Here are some common questions about running your first race, answered by Webmaster Mary, who
has run more races than she can count. If your question is not answered here, you can
send her an email
. The general assumption
here is that you will be a mid to back of the packer, and won't be planning to lead the pack
in your first race.
Are races open to the public?
Yes. Most races are open to the public. Any race listed on our site should be open to the public.
You don't need any special membership, just a little money.
How do I find a race?
That's what we are here for. Check out our Race Menu
page to help you find a race. Search by state, city, county, race type, etc.
How far is a 5k?
How long is a marathon?
ALL MARATHONS ARE 26.2 MILES. Please do not call any other race a marathon.
Are you a little touchy about that 'how long is a marathon' question?
Runners are often asked 'How long was that marathon you ran?' Each time, it gets
harder and harder not to roll our eyes when we answer.
Are you being a bit of a running snob?
Yes, maybe a little.
How long is a half marathon?
How do I sign up to run a race?
Most races have a printable registration form, or online registration, or both. Registering early
usually saves a few bucks over registering the day of the event. Some events do not have race day
registration, so be sure to check their website for those details.
How much does it cost?
Expect to pay about $10 to $30 for a 5K. The longer the race, the more expensive it will be. Expect
to pay $30 to $180 for a marathon.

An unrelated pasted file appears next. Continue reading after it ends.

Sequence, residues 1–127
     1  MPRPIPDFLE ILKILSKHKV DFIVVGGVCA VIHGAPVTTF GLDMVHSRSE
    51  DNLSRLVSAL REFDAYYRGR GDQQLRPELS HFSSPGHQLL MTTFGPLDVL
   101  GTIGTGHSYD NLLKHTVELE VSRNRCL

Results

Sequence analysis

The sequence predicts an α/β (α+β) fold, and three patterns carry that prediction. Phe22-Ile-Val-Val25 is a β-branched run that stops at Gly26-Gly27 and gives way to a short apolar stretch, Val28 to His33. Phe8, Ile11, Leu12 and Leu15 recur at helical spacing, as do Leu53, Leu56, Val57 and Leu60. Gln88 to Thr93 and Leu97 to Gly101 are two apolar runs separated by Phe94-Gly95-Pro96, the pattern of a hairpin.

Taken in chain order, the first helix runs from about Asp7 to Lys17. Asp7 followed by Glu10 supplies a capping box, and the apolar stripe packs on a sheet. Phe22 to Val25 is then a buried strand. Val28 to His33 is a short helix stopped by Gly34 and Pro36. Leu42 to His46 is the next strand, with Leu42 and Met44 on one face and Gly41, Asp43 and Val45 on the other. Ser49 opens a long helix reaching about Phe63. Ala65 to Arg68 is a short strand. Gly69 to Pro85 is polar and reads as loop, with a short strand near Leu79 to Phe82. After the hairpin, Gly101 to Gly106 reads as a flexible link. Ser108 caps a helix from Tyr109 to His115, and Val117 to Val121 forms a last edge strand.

How do I know if I am ready?
If you can jog for 30 minutes, you can run a 5K. Even if you can't quite do that, you can still do it.
What if I cannot run the whole thing?
No problem. Lot's of folks will alternate running/walking, some will walk the whole thing.
Will I be last?
Probably not. Statistically, your odds of being last are the same as being first. Find a race that
has plenty of other people, and you'll be fine.
Will I get lost?
Very unlikely. Pick a race that has plenty of people, and just follow the people in front of you.
For your first race, pick one that is popular, and not one that only expects about 35 people.
How do I know a race will have 'plenty of people'?
When your are browsing the list of races on our site, look for the
symbol. Click on that, you get a listing of previous years' results. Check how many people
ran it last year. 100 or more is good for your first 5K. That will be plenty of people to
keep you company.
I am afraid that I don't look like a runner
Runners come in all shapes and sizes. You'll be fine.
What do I do before the race?
Arrive about 30 minutes to an hour before the start.
If you have pre-registered, you'll need to pick
up your packet. This might just be a bib number, or it could be a whole goodie bag with a t-shirt, and
If you are registering the day of the race, fill out the form, and pay, and you'll get your packet.
If the race is chip timed, you'll need to get your chip and attached it to your self according to the directions.
This might be something that attaches to your shoe, or something around your ankle, or attaches to your shirt.
Attach the bib number to the front of your body somewhere.
Go potty. Runners love to go potty before races. The lines for the potties will be long.
Put the race shirt in your car. Do not wear it for the race.
Should I wear the race shirt during the race?
But others are wearing theirs.
Nothing screams 'newbie' like wearing the race shirt for the race.
When can I wear the shirt?
You can wear it after you've gone home and had your shower. You can wear it to your next race.
Just don't wear it for the race that it is for. Please.
Why does the bib number need to go on the front?
It needs to be visible as you approach the finish line, so they know you are officially registered in the
race. It also is helpful to race officials on the course. Many times, there are multiple events,
and the color of the bib indicates which event you are in. Officials can look at your bib, and
direct you on the course. If you are signed up for a 5K, you don't want to be directed to the marathon course.
How does race scoring work?